The market for oranges, er, labor

Posted: 17 July 2013 in Uncategorized
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In neoclassical economics, everything comes down to flexible markets. And in neoclassical macroeconomics, everything comes down to the labor market, which should follow the rules of any other market, like the market for oranges.* Hence, the neoclassical lamentation that wages are downwardly rigid.**

As neoclassical economists understand it, if only nominal wages would decline in the face of significant unemployment, an equilibrium between the quantity supplied of and the quantity demanded of labor would be achieved and unemployment itself would cease to exist (because the number of people looking for work would exactly equal the number of jobs being offered by employers). In such a neoclassical world, there aren’t any financial bubbles and crashes, no problems of aggregate demand, no decisions by employers not to hire additional workers even with hoards of cash on hand. It’s all about the inflexibility of the labor market.***

The latest report from the Federal Reserve Bank of San Francisco tells exactly this story. For reasons the authors can’t seem to fathom, employers were hesitant to reduce wages and workers reluctant to accept wage cuts in the midst of growing unemployment. (What an idea! Employers don’t want to risk losing the workers they have while the only alternative for workers who have managed to keep their jobs is to do what they can to resist wage cuts.) Not only did that wage rigidity cause high levels of unemployment; in their view, it created “a significant buildup of pent-up wage cuts” that “will probably continue to slow wage growth long after the unemployment rate has returned to more normal levels.”

What they obtain, then, is their second-best option: although nominal wages didn’t in the end fall, the slow growth in nominal wages along with creeping inflation has meant that real wages for different groups of workers have either stagnated or declined. Their hope, then, is that “slower wage growth also means businesses are able to hire more workers, which stimulates the demand for labor and pushes the unemployment rate down further.”

That’s how the neoclassical model is supposed to work: squeezing workers in order to induce employers to hire more labor and thus to reduce unemployment—just like the market for oranges. The presumption, of course, is that private employers will in fact create more jobs and hire more workers and not use their increased profits for some other purpose, such as hoarding cash, buying back stock, rewarding CEOs, investing in new labor-saving technologies, or participating in the financial casino.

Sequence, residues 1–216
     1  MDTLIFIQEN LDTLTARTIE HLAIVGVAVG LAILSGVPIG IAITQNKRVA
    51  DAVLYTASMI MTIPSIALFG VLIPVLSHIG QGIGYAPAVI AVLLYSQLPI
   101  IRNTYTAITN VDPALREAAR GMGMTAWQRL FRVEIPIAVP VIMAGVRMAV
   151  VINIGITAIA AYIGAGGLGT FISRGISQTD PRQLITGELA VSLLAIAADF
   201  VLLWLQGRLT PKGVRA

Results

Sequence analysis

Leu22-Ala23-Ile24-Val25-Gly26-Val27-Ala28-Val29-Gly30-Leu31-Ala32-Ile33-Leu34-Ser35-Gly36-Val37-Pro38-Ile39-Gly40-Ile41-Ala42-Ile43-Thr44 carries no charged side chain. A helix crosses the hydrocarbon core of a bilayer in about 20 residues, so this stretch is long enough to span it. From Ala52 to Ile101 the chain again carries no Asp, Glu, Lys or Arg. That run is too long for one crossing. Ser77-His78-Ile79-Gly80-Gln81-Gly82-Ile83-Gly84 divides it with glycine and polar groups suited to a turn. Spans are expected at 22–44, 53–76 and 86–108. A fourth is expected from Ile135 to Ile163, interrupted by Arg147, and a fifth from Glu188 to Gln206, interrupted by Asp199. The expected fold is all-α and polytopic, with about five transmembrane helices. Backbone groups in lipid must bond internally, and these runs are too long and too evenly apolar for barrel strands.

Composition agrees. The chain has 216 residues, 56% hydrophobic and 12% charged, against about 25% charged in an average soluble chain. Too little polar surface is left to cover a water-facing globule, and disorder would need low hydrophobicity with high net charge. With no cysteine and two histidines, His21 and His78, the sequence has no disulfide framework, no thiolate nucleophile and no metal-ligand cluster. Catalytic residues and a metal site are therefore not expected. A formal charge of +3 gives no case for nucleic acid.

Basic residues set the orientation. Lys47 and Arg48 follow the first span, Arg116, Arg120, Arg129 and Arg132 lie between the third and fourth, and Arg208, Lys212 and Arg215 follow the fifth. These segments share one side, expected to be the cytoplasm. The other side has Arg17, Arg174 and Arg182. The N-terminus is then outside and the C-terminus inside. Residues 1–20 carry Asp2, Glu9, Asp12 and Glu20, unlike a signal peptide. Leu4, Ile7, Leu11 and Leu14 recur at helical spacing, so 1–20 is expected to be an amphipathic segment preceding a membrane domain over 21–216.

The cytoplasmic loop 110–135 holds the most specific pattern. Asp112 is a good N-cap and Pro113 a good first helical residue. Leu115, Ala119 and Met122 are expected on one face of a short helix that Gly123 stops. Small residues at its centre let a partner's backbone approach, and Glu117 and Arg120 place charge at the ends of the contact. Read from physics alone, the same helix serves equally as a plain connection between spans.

Alternatively, we might consider keeping the market for oranges and abolishing the market for labor entirely.


*The analogy to the market for oranges comes from Rajiv Sethi:

What I cannot understand is why people of considerable intelligence persist in conducting a partial equilibrium Walrasian analysis of the labor market, as if we were dealing with the market for oranges. Please stop it.

**And, truth be told, it’s not just neoclassical economists. I once had a dean and a department chair who actually wanted to decrease the salaries of some faculty members who, in their view, were not productive enough. They, too, lamented that faculty salaries were downwardly rigid. They opted, instead, to increase salaries at less than the rate of inflation, which of course resulted in a decrease in real salaries. That achieved the punishment they wanted, only more slowly than they desired.

***Keynesian economists, of course, have a different view. Their argument is that wage flexibility would actually make matters worse, because a fall in nominal wages would lead to deflation and a resulting downward spiral of prices and aggregate demand (based on declining consumption and investment).

  1. […] known for a long time (as I’ve written about before, e.g., here, here, and here) that neoclassical economists blame workers and their downwardly rigid wages for creating and […]

  2. […] Ah, if only the labor market were like the market for oranges! […]

  3. […] Ah, if only the labor market were like the market for oranges! […]

  4. […] inherent in the capitalist commodification of labor. Unlike other commodities, such as oranges, labor is both treated as a homogeneous quantity (as labor power, the ability to work) that is […]

  5. […] of supply and demand—at both the micro and macro levels: supply and demand in the market for oranges or labor (which determine the equilibrium price and quantity), as well as aggregate supply and demand for […]

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